Jack D. Maltester

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Jack Dent Maltester (August 6, 1913 – May 1, 2009) was mayor of San Leandro, California from 1958 to 1978.

Biography[edit]

Jack D. Maltester was born in 1913 in San Leandro, California and was of Irish and Northern Italian descent.

Maltester was appointed to the San Leandro City Council in 1948, to replace Helen Lawrence when she was selected mayor of that city by the City Council. Lawrence became Maltester's mentor in city government. Maltester served until the election of April, when he lost his seat. In 1956, Maltester was elected to the City Council, and then selected Vice Mayor by the City Council. In 1958, he was selected as Mayor by the City Council.

In 1962, Maltester became the first Mayor of San Leandro to be elected by popular ballot. He was re-elected three times, in 1966, 1970 and 1974.

In 1963, responding to the national Civil Rights Movement, Maltester proposed a Committee on Human Rights and Responsibilities. The City Council rebuffed this initiative three times. He testified on housing discrimination at a hearing of the U.S. Commission on Civil Rights on May 6, 1967. Throughout the sixties, Maltester and the City Council lowered the city's tax rates to offset rising property assessments.[1]

Maltester served as President of the United States Conference of Mayors (USCM) from 1969 to 1970. In 1971 he sponsored a resolution at the annual USCM meeting in Philadelphia, entitled "Withdrawal from Vietnam and Reordering of National Priorities", which called upon President of the United States Richard Nixon "to do all within his power to bring about a complete withdrawal of all American forces from Vietnam by December 31, 1971." Speaking in support of the resolution, Maltester said,

Although, never brought before the voters of San Leandro, Maltester insisted;

I might ask you: Have we left anything up until now to the military experts or have we been running a political war in Vietnam? My city, a small city in California with less than 70,000 people, proposed this resolution and it is supported by the citizens of the community. It is not a resolution of condemnation. It is not offered in rancor. It is a positive statement of principle. To support this position, I believe, is an obligation none of us can ignore in the name of humanity. I ask your vote for an end to this war.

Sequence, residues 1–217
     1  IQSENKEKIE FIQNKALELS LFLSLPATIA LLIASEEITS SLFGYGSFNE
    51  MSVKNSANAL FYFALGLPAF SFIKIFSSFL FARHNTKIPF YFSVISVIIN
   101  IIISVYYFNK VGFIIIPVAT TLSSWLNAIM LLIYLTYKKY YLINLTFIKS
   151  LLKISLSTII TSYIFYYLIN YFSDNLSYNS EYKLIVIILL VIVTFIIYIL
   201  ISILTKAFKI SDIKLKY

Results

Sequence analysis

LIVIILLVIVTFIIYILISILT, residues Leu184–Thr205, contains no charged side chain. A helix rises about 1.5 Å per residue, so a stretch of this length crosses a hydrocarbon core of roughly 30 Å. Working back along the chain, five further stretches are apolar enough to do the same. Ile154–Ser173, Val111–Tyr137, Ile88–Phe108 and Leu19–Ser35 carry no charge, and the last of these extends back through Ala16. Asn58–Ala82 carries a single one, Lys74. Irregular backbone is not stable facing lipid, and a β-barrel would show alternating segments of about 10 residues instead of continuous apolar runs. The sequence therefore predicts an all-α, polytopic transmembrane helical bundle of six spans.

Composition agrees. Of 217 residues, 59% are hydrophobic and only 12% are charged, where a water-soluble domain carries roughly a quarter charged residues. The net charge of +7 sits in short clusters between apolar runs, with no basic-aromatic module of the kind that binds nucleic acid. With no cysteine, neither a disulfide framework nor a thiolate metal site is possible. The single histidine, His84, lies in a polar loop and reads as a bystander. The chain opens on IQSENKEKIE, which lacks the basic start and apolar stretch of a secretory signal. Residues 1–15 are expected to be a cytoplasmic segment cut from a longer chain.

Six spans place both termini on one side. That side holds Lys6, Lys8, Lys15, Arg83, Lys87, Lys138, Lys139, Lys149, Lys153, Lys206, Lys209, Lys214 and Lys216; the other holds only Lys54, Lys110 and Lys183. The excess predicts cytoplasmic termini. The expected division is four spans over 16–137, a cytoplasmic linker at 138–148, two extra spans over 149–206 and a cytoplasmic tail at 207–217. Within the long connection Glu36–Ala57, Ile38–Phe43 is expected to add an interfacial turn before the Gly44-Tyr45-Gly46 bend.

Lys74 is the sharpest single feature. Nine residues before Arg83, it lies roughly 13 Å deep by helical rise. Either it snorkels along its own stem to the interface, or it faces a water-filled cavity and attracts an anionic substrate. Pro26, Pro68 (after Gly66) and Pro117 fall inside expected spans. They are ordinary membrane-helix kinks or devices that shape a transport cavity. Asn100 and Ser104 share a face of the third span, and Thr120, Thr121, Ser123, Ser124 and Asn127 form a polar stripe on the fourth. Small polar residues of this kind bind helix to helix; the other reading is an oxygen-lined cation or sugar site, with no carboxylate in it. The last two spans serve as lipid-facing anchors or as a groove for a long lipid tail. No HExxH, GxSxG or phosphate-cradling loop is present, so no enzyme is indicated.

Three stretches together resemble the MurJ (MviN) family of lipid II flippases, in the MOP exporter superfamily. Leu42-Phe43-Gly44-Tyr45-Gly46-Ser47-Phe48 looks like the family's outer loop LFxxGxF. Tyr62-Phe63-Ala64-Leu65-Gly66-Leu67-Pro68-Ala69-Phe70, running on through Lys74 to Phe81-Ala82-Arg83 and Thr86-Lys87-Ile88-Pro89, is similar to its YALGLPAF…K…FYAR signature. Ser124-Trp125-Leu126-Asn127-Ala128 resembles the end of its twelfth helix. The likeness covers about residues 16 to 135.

The resolution was adopted by the body of mayors after vigorous debate that included speeches by conference guest speakers John Kerry and John O'Neill. New York City Mayor John Lindsay and Chicago Mayor Richard J. Daley, whom Maltester greatly admired, were among those who voted for the resolution.[2]

In 1973, Robert W. Crown, who represented the district including San Leandro in the California State Assembly, was struck and killed by an automobile while jogging in Alameda. Maltester ran to represent the vacant seat for the 14th Assembly District, but lost to Crown aide and San Leandro Unified School District Board member Bill Lockyer.

In April 1974, voters passed a charter amendment limiting City Council members and the mayor to two consecutive terms, preventing Maltester from running for a fifth consecutive term. When his final term expired, Maltester had served as mayor for 20 consecutive years. During his term, the San Leandro shoreline and marine recreational area were developed, a library was built and BART extended a line to the city. After leaving the mayor's office, Maltester became a "consultant" to various businesses who wished to do business in the City of San Leandro. [3]

Maltester remained active in San Leandro business and politics, serving terms as President of the San Leandro Chamber of Commerce and the California League of Cities. In 1992, the channel leading into the San Leandro Marina was named the "Jack D. Maltester Channel".[4]

Maltester died May 1, 2009 at the age of 95.

In attendance at his funeral were State of California Treasurer Bill Lockyer and State Senator Ellen Corbett. Former Alameda County Sheriff Charles "Charlie" Plummer gave a eulogy in praise of Maltester, recounting with fondness about the day, despite barely knowing Maltester, he was invited to have lunch with Maltester. When Plummer arrived at the restaurant he asked why was he invited since he barely knew Maltester, to which Maltester replied; "Because you're running for Sheriff".[citation needed]

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